Top Ten Tuesdays (a new top ten, every tuesday)…
Ok, so in all honesty, when Blu-Ray won the battle of the HD film format against HD-DVD, I was a little sceptical. Similar to the VHS vs. Betamax battle of the 80s, it was Disney’s backing of Blu-Ray that ultimately led to it’s victory.
Since experiencing the sheer awesomness of High Definition for myself, I am now hooked. However, I have one major gripe…why are some of my favourite films missing from the already extensive Blu-Ray catalogue? Now I understand that it’s not possible to convert every film produced into high definition, but I’m not looking for some small, obscure, independent, art-farty nonsense: they’re big budget superhits!!
But enough sidetracking, I’m here to demand the Blu-ray release of the following ten films, immediately please, if you don’t mind!
10. Halloween (2007)
Escaping from the mental institution he was committed to when he was only 10, Michael Myers immediately returns to his hometown of Haddonfield in search of his baby sister. The mentally unstable, mask-wearing monster will stop at nothing to reach her and easily disposes of anyone who gets in his way. Will the doctor who has mentored him for the past 17 years be able to stop him before it’s too late?
Ok, so this really is a guilty pleasure! As a bit of a horror junkie, Michael Myers is the one slasher villain that still scares the living daylights out of me even though I’m in my early 20s! (Yes, it was the thought of seeing someone dressed as the supercreep that made me bottle out of my first visit to The House of Horrors at Universal Studios, Los Angeles – embarrassing, I know!).
The original (and by far the best version) of the film has already received a nice Blu-Ray release. However, for me the main reason John Carpenter’s classic vision was so terrifying was because of its grainy, almost amateur look. It was the fact that this added to the reality of the image on screen that it had me close to wetting my pants on my first viewing!
Rob Zombie’s remake on the other hand could certainly benefit from a high definition release. The much slicker production remained incredibly creepy despite looking more like a big budget blockbuster. The prospect of viewing the villain in an HD picture, with the stabbing of the knife being in high quality sound, is something I fear in my worst nightmares…however, if it was released, I wouldn’t be able to stop myself watching (not even for the obligatory dive behind a cushion!).
With Zombie’s rather appalling sequel having been given a release, I think it’s high time his original vision was afforded the same honour!
09. Frankenstein (1931)
The classic tale of a scientist consumed by his desire to create a living being from the various body parts he has stolen from exhumed corpses. When Dr. Frankenstein realises his fantasy, he gets more than he bargained for when the monster escapes and accidentally kills a young girl. The local villagers hunt down the doctor’s creation with the intention of sending him back to the grave…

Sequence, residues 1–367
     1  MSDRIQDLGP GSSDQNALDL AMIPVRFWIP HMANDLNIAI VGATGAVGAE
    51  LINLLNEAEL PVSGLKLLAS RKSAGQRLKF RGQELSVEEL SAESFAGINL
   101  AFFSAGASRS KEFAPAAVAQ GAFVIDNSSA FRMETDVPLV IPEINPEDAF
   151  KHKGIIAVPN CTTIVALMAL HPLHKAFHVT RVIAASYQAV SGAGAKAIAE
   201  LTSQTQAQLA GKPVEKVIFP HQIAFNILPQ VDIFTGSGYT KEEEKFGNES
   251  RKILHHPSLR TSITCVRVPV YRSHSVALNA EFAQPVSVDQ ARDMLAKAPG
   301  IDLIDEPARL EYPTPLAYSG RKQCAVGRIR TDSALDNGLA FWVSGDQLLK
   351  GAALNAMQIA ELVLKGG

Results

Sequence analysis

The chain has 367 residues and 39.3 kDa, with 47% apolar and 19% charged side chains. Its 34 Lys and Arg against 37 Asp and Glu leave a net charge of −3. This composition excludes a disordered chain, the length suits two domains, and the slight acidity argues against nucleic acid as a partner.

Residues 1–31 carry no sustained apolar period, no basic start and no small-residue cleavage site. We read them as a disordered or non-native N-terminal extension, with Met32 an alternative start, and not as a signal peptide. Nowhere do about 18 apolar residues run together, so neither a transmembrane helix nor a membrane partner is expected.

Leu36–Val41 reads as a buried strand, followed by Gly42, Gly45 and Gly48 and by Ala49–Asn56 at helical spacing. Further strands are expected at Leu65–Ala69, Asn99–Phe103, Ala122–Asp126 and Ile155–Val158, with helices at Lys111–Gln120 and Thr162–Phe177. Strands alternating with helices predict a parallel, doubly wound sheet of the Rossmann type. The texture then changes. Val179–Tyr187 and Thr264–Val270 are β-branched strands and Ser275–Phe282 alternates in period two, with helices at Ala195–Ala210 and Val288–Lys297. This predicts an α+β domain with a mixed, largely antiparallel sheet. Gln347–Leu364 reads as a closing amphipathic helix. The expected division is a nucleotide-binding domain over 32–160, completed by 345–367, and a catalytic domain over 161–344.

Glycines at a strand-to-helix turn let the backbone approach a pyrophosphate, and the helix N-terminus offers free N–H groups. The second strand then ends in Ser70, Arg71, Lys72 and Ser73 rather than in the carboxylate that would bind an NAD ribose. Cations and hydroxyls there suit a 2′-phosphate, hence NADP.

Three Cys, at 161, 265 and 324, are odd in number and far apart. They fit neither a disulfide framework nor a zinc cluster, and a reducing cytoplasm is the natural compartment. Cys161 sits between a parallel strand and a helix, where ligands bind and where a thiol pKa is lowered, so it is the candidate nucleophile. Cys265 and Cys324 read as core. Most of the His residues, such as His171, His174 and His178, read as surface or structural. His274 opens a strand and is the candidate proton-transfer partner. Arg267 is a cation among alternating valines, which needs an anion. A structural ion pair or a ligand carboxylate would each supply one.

One of cinemas original monster movies, Frankenstein is so much more than a horror film. With its basis in Mary Shelley’s compelling novel, the film stands much more as a social commentary than a film about a crazed villain made from dead bodies. The film was gracefully shot by Arthur Edeson and the uncredited Paul Ivano, under the instruction of visionary director James Whale.
The film still looks sensational nearly eighty years later and a Blu-Ray release would cement the films position as one of Hollywood’s seminal horror productions.
Boris Karloff’s makeup would look incredible in HD and would undoubtedly look far more terrifying in a better quality picture that’s able to pick up every small detail. Films are no longer made like this, which is a shame. As the industry relies more and more heavily on CGI special effects, it would be amazing to see how well such a legendary makeup effect and distinguished costume would transcend into a new format. For me I can only think that a crisper image means that Frankenstein will become even more realistic.
08. The Birds (1963)
When a San Francisco socialite pursues a new beau to his hometown of Bodega Bay, she receives an unexpected reception when the local birds unexplainably begin attacking people. As the assaults become more frequent and increasingly ferocious the residents must come together and wait for a chance to escape…
The first Hitchcock offering in this list, the film features some of horror cinemas scariest villains! The scene where the birds chase female lead Melanie Daniels (the perfect icy blonde, Tippi Hedren) and a gaggle of school children is cinematic genius. But just imagine if it was in HD: it would simply be far more intimidating!
The eerie noise that the crazed creatures of the sky make is not easy on the ears and a revitalised soundtrack would surely make them the stuff of nightmares (in fact my Mum did have nightmares…repeatedly. So she won’t be allowed to watch the Blu-Ray!).
The film is so successful for it’s complete lack of explanation for the sudden attacks made by the birds and a Blu-Ray release would do nothing but enhance this through better quality sound and picture. The use of real birds in the attack sequences means that the film stands a much smaller chance of looking unrealistic due to inferior computer technology, something that has been a set back for some older films with special effects.
Fundamentally, The Birds can do nothing but benefit from an HD release!
07. Gentlemen Prefer Blondes (1953)